November 3, 2009

Krebs column: Is journalism dying? It depends on who you ask...

November 1, 2009

By Randy KrebsTimes opinon editor

I’ve been a professional journalist for almost a quarter century, and I (willingly) followed my father — who followed his father and mother — into journalism and the newspaper business.
I tell you that because when I say “I’ve heard my entire life that newspapers and journalism are dying,” you know I speak the truth. And yet the industry is still here. More importantly, and according to the latest buzz, 70 percent of these operations are profitable.
Yet Wednesday I attended a panel discussion, “Newspapers, Internet, And The Future Of Democracy,” featuring some knowledgeable journalists and educators, all of whom seemed so convinced that newspapers and journalism are dead that, well, I wondered if I should show up for work the next day. (I did — and we even printed a paper, put information on the Web, helped people express their views, etc.)
The event was part of a bimonthly series of informal discussions on issues related to public policy and politics, sponsored by St. John’s University’s McCarthy Center for Public Policy and Civic Engagement. It featured host and political science professor Jim Read; Kathleen Hansen, School of Journalism and Mass Communication, University of Minnesota; Katie Johnson, Communication Department at St. John’s/College of St. Benedict; and Nick Coleman, senior fellow, McCarthy Center, and award-winning columnist.
As much as I respect their opinions, I must say these panelists made perhaps the most unforgivable journalistic sin: They didn’t check out all sides of the obituary — I mean story — before they wrote it.
Indeed, from what I heard them say, none of them have researched — much less worked in — the world in which I work, the world of small daily and weekly newspapers.
Don’t get me wrong. I certainly see and agree with some of their broader points.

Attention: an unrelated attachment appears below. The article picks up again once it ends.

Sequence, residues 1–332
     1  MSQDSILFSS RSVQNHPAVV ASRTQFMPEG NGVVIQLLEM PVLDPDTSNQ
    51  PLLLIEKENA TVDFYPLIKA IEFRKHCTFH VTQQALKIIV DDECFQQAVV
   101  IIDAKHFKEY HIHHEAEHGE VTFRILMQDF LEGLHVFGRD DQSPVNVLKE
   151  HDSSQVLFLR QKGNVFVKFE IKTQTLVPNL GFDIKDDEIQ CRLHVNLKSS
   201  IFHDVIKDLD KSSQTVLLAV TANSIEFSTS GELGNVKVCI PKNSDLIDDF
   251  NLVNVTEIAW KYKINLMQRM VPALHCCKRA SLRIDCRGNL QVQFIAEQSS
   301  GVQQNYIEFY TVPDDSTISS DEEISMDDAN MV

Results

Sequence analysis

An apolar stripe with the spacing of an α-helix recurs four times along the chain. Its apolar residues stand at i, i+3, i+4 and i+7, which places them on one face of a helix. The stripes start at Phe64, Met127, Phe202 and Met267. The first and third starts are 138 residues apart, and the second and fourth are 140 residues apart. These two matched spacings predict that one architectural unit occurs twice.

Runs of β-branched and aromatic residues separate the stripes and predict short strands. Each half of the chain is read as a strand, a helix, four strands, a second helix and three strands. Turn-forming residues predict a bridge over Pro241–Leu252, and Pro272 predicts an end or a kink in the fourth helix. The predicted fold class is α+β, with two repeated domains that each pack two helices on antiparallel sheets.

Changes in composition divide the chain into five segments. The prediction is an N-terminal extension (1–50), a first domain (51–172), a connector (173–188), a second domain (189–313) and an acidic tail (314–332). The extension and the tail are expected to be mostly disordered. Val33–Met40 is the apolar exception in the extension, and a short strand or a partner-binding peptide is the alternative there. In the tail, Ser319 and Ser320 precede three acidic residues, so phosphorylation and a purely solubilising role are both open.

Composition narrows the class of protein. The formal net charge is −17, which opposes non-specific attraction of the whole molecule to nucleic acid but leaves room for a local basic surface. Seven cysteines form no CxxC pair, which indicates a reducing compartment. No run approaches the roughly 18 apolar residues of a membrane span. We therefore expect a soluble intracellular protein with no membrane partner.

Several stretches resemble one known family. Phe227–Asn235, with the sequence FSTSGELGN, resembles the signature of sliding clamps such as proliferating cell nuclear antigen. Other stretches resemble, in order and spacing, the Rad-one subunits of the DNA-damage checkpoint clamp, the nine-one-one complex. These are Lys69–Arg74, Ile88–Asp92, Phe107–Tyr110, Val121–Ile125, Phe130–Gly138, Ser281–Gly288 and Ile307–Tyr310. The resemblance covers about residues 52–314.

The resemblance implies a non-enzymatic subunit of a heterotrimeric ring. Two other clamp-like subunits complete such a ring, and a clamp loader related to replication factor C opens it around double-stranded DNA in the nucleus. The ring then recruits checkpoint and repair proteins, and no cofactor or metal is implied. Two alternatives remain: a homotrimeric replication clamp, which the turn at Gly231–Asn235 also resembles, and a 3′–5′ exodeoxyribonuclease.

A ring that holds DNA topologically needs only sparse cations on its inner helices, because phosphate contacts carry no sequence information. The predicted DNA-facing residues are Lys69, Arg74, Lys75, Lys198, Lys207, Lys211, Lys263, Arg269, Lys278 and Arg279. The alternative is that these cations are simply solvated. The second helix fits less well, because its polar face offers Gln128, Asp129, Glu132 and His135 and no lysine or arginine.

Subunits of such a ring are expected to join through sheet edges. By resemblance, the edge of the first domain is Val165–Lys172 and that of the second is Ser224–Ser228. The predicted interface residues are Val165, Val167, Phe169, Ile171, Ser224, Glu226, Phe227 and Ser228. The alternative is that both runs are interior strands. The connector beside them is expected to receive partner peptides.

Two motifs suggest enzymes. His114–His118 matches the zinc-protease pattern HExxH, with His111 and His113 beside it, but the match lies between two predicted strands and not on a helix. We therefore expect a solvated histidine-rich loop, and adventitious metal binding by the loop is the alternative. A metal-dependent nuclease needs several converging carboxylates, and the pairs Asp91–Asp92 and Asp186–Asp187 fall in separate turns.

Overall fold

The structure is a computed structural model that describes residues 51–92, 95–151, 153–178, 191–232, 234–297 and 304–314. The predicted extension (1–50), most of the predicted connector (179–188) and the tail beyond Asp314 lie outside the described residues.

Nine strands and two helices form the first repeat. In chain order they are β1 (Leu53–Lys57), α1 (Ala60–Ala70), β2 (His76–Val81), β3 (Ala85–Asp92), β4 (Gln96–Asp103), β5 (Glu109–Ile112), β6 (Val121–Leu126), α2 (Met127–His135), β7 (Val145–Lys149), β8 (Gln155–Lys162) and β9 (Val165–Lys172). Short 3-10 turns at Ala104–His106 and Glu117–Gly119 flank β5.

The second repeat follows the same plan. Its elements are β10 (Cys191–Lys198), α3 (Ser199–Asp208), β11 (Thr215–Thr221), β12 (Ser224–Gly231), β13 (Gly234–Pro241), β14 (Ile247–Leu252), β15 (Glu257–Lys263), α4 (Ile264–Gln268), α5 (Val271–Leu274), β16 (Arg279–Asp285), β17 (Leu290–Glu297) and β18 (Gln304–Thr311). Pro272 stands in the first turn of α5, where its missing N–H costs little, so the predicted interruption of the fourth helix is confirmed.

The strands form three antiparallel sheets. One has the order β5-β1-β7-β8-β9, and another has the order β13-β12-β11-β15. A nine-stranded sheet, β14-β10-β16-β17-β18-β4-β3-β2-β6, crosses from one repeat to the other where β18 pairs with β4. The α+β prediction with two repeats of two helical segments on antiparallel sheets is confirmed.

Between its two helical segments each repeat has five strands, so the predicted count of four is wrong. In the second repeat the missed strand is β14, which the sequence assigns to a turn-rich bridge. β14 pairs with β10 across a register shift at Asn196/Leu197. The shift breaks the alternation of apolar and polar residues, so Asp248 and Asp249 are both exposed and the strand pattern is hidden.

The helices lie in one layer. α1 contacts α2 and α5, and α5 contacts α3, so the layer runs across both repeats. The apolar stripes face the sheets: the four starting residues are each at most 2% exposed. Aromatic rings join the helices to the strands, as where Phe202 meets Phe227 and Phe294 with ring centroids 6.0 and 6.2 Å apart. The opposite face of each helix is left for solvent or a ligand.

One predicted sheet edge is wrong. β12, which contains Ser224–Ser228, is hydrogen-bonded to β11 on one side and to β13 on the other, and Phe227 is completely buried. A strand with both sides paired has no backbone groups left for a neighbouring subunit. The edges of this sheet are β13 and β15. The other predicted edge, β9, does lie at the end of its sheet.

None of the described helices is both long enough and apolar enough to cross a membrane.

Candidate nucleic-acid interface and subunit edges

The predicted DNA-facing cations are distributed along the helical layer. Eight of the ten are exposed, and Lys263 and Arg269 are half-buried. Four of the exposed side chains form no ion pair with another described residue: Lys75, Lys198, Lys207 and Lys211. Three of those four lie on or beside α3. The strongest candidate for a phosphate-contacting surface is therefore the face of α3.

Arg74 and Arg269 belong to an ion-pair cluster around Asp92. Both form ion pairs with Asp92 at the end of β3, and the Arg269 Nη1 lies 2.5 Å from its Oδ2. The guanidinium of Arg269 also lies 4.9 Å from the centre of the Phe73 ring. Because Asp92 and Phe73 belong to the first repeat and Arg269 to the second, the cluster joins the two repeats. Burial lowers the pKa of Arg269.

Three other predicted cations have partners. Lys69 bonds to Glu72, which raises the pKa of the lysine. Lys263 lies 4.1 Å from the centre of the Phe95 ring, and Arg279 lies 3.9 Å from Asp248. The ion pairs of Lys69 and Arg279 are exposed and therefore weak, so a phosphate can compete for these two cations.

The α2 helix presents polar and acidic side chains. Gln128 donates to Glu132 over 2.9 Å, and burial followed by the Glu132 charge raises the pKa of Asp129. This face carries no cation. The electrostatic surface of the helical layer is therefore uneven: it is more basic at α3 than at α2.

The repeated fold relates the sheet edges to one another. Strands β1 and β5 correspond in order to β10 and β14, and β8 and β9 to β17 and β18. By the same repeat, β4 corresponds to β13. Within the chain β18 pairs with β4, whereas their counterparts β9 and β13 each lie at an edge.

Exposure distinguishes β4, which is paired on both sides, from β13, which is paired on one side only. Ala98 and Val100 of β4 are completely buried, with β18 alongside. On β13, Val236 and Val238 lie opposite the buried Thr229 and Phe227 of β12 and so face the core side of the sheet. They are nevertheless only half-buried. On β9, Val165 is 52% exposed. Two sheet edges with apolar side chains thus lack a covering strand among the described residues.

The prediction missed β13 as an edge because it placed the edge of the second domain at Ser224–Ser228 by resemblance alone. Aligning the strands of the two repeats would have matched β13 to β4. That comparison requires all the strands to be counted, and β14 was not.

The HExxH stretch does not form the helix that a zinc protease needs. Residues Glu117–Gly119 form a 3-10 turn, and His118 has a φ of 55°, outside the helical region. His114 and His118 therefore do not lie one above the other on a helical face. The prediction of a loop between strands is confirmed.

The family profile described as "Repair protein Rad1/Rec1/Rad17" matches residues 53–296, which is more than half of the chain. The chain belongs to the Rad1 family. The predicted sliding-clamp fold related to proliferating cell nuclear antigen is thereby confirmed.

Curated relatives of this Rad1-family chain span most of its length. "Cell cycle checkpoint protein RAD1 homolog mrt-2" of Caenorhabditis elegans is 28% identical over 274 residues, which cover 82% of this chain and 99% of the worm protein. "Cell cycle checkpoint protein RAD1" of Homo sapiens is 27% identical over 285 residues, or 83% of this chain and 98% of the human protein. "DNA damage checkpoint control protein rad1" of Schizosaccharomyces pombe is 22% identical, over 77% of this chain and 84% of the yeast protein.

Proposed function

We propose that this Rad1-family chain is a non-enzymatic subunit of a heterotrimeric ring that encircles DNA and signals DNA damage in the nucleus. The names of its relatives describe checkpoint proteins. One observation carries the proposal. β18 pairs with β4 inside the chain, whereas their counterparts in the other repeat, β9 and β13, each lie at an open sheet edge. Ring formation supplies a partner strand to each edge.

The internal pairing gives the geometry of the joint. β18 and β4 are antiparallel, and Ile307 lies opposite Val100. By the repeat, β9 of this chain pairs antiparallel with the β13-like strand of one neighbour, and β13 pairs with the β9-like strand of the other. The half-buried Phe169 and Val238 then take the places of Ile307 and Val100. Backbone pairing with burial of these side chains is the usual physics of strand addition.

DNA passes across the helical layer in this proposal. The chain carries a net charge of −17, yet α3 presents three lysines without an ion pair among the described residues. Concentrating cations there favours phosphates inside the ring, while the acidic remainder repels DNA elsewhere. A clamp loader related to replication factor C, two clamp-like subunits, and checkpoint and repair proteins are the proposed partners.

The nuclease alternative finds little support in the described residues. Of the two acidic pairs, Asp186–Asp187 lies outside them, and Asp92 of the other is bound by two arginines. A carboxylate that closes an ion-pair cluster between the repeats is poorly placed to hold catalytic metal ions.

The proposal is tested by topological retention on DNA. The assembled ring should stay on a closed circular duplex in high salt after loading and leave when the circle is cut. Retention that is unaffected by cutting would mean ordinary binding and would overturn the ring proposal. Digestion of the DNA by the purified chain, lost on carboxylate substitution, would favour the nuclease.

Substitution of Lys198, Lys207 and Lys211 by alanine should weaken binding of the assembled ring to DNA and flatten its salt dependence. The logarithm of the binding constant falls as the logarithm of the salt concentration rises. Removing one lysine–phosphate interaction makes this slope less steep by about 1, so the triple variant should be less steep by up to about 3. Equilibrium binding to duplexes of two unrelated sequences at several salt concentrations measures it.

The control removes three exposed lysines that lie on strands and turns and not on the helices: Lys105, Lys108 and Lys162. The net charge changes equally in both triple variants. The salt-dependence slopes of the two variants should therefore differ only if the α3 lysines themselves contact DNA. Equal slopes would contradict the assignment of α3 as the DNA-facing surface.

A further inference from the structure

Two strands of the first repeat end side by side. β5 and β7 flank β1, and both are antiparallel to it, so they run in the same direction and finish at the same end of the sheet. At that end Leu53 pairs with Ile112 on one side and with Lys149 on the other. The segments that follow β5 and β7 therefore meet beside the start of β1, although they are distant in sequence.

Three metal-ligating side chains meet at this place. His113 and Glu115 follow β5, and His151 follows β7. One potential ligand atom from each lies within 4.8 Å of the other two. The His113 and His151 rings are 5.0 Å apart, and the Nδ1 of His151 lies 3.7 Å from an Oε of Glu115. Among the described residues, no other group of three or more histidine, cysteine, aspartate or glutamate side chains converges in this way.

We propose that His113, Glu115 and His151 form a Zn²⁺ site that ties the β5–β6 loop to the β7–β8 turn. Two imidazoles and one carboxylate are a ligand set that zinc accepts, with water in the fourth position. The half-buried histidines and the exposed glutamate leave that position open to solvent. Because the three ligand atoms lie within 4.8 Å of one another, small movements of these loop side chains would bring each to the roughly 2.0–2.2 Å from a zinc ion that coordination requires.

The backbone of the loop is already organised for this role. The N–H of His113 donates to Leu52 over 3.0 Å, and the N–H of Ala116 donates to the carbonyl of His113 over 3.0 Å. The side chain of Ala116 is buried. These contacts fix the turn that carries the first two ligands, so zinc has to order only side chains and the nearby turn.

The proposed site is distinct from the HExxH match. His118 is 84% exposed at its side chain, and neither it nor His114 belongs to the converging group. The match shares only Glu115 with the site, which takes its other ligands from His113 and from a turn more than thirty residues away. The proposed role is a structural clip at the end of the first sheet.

Yes, the digital age is changing journalism. (I’d argue those are good changes, but that’s another panel discussion.) Yes, the traditional newspaper model needs to change. (It is changing; see And most certainly, the biggest newspapers and media companies in America are facing serious financial and journalistic challenges.
Yet to hear the panelists tell it, the struggles of the Star Tribune and a handful of other major metro newspapers make it certain that all other newspapers will die. And soon. After all, if The New York Times can’t make enough money to keep its Israel bureau open or if the Strib has to cut its Washington staff, well, that can only mean one thing: The St. Cloud Times and weekly newspapers will go under, too.
Sorry, but at the least, I call that conclusion arrogant. More so, though, I question its accuracy. (Last I checked, the Strib emerged from bankruptcy and still is among the best and biggest newspapers in the Upper Midwest.)
More importantly, from the Minnesota Newspaper Association: Of the 3,133,857 Minnesotans receiving newspapers, only 27 percent (873,249) are receiving a daily newspaper. That means 2,260,608 are receiving a paper that is not printed daily. Additionally, only 17 percent receive the Strib or St. Paul newspaper.
The reality is newspapers are like any industry. The parts that make up “the industry” all vary — in size, product, mission, technology, customers, profitability, etc. Those individual parts either evolve or they die. When hasn’t that been the case?
And while I fully acknowledge that the industry is in perhaps its biggest time of change, I can’t stress enough that it’s an industry built not on the printed word, but on providing news and information — two things more in demand today than at any other time.
So while it is troubling that some big metro daily papers are caught up in a recession while battling massive debt, from where I sit — the newsroom of a small daily newspaper — I don’t see those struggles dragging down the other 70 percent of the parts that are still profitable.
Sure, at some point your news and information might not come in the form of ink and dead trees. But you still will want that product. The challenge for the industry is to determine how to gather and deliver it in a profitable way.
That’s very different than declaring newspapers and journalism are dead just because a few of the biggest trees might be falling.
This is the opinion of Randy Krebs, St. Cloud Times Opinion Page editor. He can be reached at 255-8762 and